For a long while I’ve relied on Jabber/XMPP support within Google Talk to communicate with back-end systems like my Garage Security monitor. Garage Security could push notifications to me when motion was detected, and I could reply back to ask for camera snapshots or current temperatures. It’s almost as if I was using XMPP and Google’s Talk servers as a message bus; everything was a request/response pair that I could receive as notifications in a nice lil’ mobile interface. This was a superior approach to having a peer-to-peer communication channel over the Internet at large - I could keep my firewall completely closed and instead publish events to a trusted broker over at Google HQ. I essentially treated Google Talk like a hosted RabbitMQ instance.
This "XMPP broker” approach continued to work after Google moved from Google Talk to Hangouts and dropped full XMPP support (notably for federation), however things appear to have become a bit more difficult when two different systems (like Garage Security and my new Sprinkler Switch) want to share the same Hangouts user ID. Previously both systems would receive an inbound message, so I would filter by a token in the message body. If I asked for “garage status,” Garage Security would catch the “garage” keyword and respond while Sprinkler Switch would just ignore it. As Hangouts has turned the XMPP support decidedly more text-message-ish, it seems now the last system to authenticate will starve out the previous system, and only one system will actually receive the messages.
This is not outside of the XMPP spec it seems, and the protocol itself specifies two ways for the systems themselves to deal with the issue:
- When connecting to the XMPP server set the priority for your connection. A higher priority is more likely to get inbound messages.
- Specify a resource name within your XMPP user identifier. This allows a system to be uniquely addressable with the same username.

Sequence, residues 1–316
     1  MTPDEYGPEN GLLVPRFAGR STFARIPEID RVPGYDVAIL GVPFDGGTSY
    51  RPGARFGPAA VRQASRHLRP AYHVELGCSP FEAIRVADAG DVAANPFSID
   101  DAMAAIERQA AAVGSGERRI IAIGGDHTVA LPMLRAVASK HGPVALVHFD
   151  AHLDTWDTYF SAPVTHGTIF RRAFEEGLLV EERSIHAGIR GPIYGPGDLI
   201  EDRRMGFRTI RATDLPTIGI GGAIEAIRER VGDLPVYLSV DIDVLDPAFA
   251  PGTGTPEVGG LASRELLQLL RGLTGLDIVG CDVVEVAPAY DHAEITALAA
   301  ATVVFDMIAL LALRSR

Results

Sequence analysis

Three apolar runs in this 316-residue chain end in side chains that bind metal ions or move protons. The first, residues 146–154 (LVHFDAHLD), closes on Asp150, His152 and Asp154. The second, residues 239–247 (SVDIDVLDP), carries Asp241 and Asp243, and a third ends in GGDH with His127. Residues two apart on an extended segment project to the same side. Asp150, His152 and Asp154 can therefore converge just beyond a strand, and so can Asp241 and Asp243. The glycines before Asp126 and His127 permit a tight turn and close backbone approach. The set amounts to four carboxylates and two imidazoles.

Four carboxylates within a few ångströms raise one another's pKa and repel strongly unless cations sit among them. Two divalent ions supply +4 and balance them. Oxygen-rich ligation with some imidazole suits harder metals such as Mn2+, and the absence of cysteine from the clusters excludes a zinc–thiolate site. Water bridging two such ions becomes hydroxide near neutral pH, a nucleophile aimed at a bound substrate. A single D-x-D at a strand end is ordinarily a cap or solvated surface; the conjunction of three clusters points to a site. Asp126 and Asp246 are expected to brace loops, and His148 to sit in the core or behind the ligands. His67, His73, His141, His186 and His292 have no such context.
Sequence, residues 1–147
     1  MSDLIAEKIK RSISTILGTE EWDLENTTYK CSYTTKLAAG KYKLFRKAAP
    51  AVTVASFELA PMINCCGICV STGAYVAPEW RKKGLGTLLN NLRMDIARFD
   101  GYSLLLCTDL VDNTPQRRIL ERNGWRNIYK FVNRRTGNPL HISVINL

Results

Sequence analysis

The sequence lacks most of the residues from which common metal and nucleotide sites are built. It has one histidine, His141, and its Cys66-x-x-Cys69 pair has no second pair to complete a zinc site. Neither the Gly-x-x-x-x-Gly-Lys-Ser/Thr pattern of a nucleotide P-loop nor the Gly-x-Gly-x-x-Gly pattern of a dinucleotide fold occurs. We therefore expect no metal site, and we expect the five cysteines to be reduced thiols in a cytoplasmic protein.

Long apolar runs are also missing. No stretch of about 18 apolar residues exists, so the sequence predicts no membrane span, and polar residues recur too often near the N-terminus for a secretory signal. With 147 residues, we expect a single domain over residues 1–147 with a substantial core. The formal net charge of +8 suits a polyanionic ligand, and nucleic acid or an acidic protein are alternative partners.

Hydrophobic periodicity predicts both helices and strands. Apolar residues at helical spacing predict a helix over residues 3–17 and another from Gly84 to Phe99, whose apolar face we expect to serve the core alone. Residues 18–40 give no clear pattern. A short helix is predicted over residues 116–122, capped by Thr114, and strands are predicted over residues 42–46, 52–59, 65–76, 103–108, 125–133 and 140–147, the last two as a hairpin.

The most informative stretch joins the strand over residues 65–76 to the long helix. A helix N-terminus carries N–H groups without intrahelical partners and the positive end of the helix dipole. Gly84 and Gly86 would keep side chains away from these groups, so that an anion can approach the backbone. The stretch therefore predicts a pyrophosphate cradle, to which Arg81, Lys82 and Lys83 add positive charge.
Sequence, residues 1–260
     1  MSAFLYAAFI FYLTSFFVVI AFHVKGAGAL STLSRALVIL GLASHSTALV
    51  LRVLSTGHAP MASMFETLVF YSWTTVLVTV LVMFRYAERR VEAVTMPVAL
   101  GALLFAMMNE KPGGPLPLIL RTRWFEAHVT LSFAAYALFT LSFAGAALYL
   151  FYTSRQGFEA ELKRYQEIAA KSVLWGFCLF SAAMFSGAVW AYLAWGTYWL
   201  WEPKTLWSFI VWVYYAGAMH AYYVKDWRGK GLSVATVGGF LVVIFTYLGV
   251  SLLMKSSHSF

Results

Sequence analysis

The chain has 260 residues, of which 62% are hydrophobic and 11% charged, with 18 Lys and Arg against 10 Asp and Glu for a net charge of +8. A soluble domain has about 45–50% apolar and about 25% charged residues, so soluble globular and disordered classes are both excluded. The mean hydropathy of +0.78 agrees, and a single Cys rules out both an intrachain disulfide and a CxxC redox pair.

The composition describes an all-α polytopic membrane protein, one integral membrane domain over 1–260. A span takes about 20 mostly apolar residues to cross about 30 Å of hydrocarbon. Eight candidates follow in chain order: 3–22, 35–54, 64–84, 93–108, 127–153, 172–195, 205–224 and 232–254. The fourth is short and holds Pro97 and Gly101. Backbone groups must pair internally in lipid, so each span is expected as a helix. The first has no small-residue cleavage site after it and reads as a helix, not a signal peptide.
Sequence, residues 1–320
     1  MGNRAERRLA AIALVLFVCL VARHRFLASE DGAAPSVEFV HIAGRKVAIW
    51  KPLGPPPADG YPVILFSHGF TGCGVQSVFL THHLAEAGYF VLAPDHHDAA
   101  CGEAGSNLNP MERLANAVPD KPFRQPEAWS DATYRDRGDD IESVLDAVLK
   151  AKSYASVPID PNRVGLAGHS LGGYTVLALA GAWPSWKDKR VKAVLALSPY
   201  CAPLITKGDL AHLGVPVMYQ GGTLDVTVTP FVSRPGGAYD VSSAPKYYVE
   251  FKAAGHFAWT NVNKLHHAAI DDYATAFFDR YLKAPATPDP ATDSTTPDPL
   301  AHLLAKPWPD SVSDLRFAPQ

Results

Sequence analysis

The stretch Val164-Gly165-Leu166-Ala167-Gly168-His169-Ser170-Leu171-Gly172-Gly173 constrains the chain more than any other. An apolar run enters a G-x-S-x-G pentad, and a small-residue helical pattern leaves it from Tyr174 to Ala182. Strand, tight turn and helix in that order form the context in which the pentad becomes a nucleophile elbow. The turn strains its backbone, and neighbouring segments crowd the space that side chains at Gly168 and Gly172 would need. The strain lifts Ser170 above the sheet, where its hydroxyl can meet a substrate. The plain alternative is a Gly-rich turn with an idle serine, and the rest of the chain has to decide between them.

The first option doesn’t necessarily help my situation - I want both systems to receive inbound messages. The second option is possible using XMPP’s definition of user IDs… where a user identifier is actually the composite of:
- The username that is used for authentication
- The domain that the user resides within
- The resource that uniquely identifies who is signing in
email@example.com/garageand have it uniquely identify Garage Security, while
firstname.lastname@example.org/sprinkleruniquely identifies Sprinkler Switch. It’s not entirely unlike the routing key in AMQP or a topic name in JMS…
chucklefacecould be considered your message type,
gmail.comcould be considered your exchange, and
garagecould be considered your ID. Or something like that. It makes sense in my head at least.
Hangouts, however, just cares about chat messages. It could give two craps about my resource name. There’s no way to specify that in a contact either… with Hangouts you specify an e-mail address which in turn becomes a username and a domain. That’s fine for chat… but when I want to address an individual system I’m kinda outta luck. Hangouts will just reply back to the last resource that sent it a message - no way to specify a specific resource.
I've posted a demo using Python on GitHub which lets you build a quick XMPP client. An example might be:
>>> from jabtest import Jabber >>> jab1 = Jabber('email@example.com', 'apikeyh4x0r5', 'testone') Opened XMPP Connection >>> jab2 = Jabber('firstname.lastname@example.org', 'apikeyh4x0r5', 'testone') Opened XMPP Connection >>> jab1.send_msg('email@example.com', 'Testing One') Sending message:
I don't have a fantastic solution for now... so in the interim I've disabled Jabber support for Sprinkler Switch.